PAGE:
There is no equality in nature. When I was a kid, leftist hippies used to stress the point that humans are “part of nature.” These days, the Establishment Left embraces an implicit human exceptionalism; a belief that the normal rules of nature do not, or should not, apply to humans.
But the reality is that “Some People Must be Margarinalized for the Butterment of Humanity.” There. I said it. Just give me credit if you use that play on words (yeah, it’s bad, I know).
HBD (human biodiversity) can strike at any moment. You can be casually going about your business, and then all of a sudden HBD will pop up out of nowhere, like Kilroy, and remind you that we’re not “all the same.”
That’s what happened to me just yesterday. I was having my annual eye exam, and I asked my optometrist if I could drop off my old eye-glasses at his office, so that they could be donated to poor people who might need them. He replied that my prescription would be very useful to people in Latin America. He says that my type of astigmatism is common among those ethnic groups.
So I asked him if vision problems vary according to race. He told me that they certainly do. My eyes are typical of people of Mediterranean origins. When I asked him to direct me to specific literature, he told me that it’s common knowledge (in his field), and that I could easily find material on the internet. Here’s an example:
Ethnicity appears to be associated with vision problems — such as near- and farsightedness — in children, new research suggests.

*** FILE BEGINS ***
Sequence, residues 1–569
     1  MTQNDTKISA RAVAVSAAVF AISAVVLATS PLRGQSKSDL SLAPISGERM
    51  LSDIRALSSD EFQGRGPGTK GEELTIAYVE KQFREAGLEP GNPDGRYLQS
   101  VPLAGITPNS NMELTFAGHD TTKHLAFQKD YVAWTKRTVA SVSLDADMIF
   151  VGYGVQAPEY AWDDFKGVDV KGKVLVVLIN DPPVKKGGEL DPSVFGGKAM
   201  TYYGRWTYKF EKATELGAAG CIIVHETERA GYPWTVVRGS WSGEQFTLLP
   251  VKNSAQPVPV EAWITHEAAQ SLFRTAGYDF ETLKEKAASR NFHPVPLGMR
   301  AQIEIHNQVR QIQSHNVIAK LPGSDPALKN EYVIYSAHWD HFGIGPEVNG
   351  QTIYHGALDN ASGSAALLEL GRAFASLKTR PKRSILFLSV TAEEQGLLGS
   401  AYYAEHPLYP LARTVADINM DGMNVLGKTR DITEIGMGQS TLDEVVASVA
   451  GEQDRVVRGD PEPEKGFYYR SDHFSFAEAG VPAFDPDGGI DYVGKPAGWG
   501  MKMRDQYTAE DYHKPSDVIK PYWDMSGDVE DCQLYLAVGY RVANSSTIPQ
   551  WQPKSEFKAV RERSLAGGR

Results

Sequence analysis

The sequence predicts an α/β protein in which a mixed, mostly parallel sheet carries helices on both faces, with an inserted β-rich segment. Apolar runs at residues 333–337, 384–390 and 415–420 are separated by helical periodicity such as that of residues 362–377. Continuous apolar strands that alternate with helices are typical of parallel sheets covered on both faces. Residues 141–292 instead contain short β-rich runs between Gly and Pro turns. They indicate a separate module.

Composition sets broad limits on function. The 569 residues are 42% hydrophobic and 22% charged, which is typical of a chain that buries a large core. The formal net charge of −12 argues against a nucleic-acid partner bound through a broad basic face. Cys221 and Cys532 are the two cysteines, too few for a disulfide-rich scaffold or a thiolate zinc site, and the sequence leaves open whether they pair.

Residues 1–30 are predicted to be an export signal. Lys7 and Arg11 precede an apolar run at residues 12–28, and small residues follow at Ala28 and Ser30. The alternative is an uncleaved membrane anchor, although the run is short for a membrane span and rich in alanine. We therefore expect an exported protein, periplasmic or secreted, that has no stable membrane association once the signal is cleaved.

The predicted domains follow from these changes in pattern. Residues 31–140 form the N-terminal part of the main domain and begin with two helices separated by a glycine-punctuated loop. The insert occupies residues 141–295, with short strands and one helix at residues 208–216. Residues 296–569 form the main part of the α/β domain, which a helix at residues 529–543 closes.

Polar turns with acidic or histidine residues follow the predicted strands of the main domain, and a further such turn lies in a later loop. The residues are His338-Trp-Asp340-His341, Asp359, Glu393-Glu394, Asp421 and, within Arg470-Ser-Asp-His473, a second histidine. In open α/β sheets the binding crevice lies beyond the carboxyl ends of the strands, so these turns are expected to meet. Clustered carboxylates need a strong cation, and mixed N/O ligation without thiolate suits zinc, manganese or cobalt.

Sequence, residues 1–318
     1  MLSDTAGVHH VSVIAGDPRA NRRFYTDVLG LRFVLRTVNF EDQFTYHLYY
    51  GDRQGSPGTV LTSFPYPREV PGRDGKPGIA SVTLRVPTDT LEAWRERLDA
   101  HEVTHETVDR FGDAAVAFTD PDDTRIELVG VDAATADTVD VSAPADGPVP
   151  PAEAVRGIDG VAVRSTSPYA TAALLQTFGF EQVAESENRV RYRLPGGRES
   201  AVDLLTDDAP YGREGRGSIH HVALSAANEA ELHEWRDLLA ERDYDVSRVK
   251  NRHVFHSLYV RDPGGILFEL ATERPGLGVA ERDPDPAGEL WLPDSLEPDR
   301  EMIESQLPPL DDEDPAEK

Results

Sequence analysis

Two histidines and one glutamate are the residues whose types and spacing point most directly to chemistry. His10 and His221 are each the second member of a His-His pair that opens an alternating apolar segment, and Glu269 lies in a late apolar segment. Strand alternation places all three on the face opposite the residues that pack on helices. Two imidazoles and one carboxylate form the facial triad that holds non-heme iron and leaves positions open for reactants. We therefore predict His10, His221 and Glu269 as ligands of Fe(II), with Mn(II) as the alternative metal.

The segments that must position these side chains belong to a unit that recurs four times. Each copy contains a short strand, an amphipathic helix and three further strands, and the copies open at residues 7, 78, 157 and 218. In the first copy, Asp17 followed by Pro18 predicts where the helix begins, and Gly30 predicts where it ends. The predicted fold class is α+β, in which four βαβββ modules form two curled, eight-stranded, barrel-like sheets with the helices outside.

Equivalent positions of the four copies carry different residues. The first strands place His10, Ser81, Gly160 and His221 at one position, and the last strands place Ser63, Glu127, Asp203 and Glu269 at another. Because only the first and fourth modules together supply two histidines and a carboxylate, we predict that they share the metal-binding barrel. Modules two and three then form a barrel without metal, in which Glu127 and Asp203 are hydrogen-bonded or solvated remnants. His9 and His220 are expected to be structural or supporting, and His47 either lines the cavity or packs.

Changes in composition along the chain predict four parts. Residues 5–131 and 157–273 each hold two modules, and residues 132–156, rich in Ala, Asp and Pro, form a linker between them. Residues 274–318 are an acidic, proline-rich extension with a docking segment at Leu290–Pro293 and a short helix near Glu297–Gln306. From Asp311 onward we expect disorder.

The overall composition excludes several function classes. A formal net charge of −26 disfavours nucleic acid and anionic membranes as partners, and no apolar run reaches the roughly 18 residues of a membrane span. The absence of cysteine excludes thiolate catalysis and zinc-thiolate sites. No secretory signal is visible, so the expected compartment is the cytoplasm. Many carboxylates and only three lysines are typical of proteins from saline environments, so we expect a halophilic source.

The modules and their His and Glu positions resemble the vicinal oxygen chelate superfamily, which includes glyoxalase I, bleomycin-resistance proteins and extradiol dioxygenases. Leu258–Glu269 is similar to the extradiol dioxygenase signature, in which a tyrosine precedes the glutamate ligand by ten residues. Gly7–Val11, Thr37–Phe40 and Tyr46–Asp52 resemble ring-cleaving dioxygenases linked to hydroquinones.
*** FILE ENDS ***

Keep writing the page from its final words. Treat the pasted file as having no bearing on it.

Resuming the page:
Researchers found that Asian-American children were more likely to be myopic, or nearsighted, than their Hispanic, African-American and white peers, while white children were more likely to have hyperopia, or farsightedness, than were children from the other ethnic groups. Astigmatism — an irregular curvature of the cornea that causes blurry vision — was most prevalent among Hispanic children.
“We don’t really know why these differences exist,” said Karla Zadnik, the lead author of the multi-center study and an associate professor of optometry at Ohio State University. “It’s probably like most of our modern conditions and diseases a mix a nature and nurture and factors that interact together.
My optometrist was under the impression that the differences are genetic – probably due to the fact that they persist across generations; the grandchildren of immigrants don’t share the same culture as their ancestors.
So… visit the dentist, and you’ll find HBD. Visit the eye doctor, and you’ll find HBD. Attend the Olympics, and you’ll find HBD. Visit a school*, and you’ll find HBD. Visit a prison, and you’ll find HBD.
The Establishment Left constantly tells us to “celebrate our differences.” This can only be done when we recognize those differences. Just as we don’t hate others for having different eye conditions, similarly, varying degrees of athletic/intellectual capabilities are not valid reasons for hatred. The forceful repression of such truths, however, can definitely lead to animosity and resentment. This is the situation we live in today.
I hope to meet some of y’all at the Amren conference next month – where we can speak of such things openly and as gentlemen and ladies.
*Note that this article, while exploring a plethora of theories to explain the race gap in academic achievement, completely ignores any genetic explanation; that would be heresy.